West African Farmers’ Climate Change Adaptation: From Technological Change Towards Transforming Institutions
The effects of climate change are widely threatening West African farming. The case of the farmers in the West African Sudan savannah is particularly severe due to the specific ecological vulnerability and the political and socioeconomic instability in the region.
Since 2012, the West African Science Service on Climate Change and Adapted Land Use (WASCAL) has been leading a regional effort to enhance the understanding, data availability and building capabilities to strengthen the ability of agricultural systems in coping with the effects of climate change. One of the activities focuses on determining the drivers of farmers’ adaptation.
The case studies in this research in Benin and Burkina Faso identified major climate hazards, farmers’ perceptions and adaptation measures. Research methods included ethnography, quantitative and mixed analyses.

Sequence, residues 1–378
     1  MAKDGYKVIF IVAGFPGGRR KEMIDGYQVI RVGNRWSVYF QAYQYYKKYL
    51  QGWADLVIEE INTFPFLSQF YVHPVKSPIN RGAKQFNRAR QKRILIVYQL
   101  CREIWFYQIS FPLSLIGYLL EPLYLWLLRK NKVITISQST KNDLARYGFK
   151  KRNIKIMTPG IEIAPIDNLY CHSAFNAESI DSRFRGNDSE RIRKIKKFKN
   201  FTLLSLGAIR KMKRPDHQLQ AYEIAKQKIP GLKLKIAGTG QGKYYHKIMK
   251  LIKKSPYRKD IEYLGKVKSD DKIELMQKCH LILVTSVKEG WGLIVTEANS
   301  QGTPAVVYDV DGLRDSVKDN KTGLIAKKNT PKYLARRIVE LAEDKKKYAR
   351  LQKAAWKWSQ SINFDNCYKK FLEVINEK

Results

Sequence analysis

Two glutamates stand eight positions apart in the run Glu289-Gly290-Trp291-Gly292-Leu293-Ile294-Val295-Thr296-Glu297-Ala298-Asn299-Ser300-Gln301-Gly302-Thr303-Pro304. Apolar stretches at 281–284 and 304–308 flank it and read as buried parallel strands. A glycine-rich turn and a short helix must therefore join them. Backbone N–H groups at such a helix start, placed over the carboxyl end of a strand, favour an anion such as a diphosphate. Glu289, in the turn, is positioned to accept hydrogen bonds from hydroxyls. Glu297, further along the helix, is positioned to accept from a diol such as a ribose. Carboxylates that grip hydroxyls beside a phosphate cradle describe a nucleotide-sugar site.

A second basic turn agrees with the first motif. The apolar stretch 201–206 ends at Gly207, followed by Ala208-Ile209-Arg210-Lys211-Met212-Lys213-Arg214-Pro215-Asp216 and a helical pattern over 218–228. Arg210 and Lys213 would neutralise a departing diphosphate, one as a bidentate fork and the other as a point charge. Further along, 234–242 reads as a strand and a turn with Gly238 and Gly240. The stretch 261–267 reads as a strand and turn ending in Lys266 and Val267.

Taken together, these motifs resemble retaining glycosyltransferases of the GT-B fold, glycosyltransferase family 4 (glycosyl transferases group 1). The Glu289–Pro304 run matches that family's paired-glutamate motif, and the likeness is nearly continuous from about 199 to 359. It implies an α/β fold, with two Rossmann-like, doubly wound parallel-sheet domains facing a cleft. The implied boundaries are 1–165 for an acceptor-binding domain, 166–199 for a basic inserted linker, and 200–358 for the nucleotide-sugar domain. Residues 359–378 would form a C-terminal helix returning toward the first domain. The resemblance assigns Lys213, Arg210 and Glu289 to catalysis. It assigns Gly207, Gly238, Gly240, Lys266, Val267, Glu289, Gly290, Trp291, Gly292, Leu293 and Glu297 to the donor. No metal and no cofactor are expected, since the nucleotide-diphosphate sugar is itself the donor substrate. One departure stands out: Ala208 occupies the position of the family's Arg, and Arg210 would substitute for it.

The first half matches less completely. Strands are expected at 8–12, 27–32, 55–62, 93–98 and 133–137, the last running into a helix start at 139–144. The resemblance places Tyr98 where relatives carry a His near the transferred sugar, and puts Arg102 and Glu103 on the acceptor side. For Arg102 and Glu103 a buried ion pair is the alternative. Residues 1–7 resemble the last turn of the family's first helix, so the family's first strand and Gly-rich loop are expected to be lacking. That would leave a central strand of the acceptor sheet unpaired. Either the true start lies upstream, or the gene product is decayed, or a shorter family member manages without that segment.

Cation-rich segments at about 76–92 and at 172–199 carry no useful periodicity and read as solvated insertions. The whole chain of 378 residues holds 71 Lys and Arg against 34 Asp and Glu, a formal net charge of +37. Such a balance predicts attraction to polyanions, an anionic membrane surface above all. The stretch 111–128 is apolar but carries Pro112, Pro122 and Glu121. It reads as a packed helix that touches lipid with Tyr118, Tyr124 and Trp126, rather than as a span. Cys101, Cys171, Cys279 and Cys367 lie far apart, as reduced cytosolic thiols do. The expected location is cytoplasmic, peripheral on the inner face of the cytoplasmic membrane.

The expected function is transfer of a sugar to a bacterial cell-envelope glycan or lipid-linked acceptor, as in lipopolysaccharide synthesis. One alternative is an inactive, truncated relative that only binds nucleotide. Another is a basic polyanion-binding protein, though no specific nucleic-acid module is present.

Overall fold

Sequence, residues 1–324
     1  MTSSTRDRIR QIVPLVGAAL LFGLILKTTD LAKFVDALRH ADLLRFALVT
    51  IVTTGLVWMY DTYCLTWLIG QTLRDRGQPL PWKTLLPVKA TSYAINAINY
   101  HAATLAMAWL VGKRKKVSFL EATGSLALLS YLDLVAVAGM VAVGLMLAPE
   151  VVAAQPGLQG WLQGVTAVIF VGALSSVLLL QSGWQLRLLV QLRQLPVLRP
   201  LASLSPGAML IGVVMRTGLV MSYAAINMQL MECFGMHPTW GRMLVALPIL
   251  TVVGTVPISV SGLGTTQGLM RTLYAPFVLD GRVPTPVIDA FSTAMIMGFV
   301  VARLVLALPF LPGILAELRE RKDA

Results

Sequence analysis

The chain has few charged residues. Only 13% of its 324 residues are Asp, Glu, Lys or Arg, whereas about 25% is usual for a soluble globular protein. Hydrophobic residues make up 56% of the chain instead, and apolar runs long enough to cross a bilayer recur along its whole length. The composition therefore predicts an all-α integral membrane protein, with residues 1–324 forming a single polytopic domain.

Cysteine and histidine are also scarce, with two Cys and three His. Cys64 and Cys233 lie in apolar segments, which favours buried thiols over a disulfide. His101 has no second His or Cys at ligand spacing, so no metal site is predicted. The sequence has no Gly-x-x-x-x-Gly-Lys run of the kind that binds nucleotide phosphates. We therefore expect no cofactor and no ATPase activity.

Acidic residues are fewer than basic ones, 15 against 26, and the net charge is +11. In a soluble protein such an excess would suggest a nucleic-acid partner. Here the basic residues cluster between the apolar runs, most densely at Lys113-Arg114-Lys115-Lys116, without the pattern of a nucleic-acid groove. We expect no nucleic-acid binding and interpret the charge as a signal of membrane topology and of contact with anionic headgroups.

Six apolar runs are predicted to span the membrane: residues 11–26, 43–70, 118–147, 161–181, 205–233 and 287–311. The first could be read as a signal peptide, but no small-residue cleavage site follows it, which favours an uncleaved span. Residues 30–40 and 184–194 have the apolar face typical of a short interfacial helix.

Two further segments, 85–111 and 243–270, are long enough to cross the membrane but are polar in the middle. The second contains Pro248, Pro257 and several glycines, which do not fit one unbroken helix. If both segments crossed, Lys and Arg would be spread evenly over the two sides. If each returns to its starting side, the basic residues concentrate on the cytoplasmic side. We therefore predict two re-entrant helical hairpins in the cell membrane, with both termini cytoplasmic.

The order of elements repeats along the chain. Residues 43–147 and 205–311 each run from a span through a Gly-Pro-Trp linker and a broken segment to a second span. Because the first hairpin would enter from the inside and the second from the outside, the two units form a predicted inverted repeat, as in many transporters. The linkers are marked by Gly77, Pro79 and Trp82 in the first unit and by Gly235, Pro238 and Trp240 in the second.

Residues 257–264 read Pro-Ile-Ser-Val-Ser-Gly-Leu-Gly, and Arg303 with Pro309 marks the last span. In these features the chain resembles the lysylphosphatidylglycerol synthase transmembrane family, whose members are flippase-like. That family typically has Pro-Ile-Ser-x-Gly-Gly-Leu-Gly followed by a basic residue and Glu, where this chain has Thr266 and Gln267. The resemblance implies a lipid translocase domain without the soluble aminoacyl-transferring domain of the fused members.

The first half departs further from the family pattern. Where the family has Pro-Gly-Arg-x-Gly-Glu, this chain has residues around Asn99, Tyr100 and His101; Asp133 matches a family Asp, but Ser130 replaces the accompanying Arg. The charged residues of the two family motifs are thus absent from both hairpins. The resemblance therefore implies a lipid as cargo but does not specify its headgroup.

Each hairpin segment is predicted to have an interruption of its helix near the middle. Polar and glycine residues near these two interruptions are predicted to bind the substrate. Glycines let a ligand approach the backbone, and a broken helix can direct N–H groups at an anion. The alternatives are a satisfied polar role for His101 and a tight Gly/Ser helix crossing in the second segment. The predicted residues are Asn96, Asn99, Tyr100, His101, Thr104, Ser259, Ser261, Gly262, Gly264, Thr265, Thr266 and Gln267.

Results show mixed mainstream and specific perceptions of climate change and its effects. The mainly perceived impacts relate to yield decline, pest increase and water scarcity. Adaptation is widespread, but practices are diverse and often neither correlated with the type of hazards nor with impacts.
This indicates that it is necessary to acknowledge the role of adaptation to problems not only caused by climate change, and to consider adaptation as an enhancing factor of social-ecological resilience. Furthermore, the focus on technological changes in the local context should be directed towards enhancing adaptive and transforming institutions. Ongoing studies on agroforestry, subsidies provision and livestock demonstrate such strategies.
KeywordsClimate change West African Sudan Savannah Technological innovation Institutional adaptability Agricultural land-use systems
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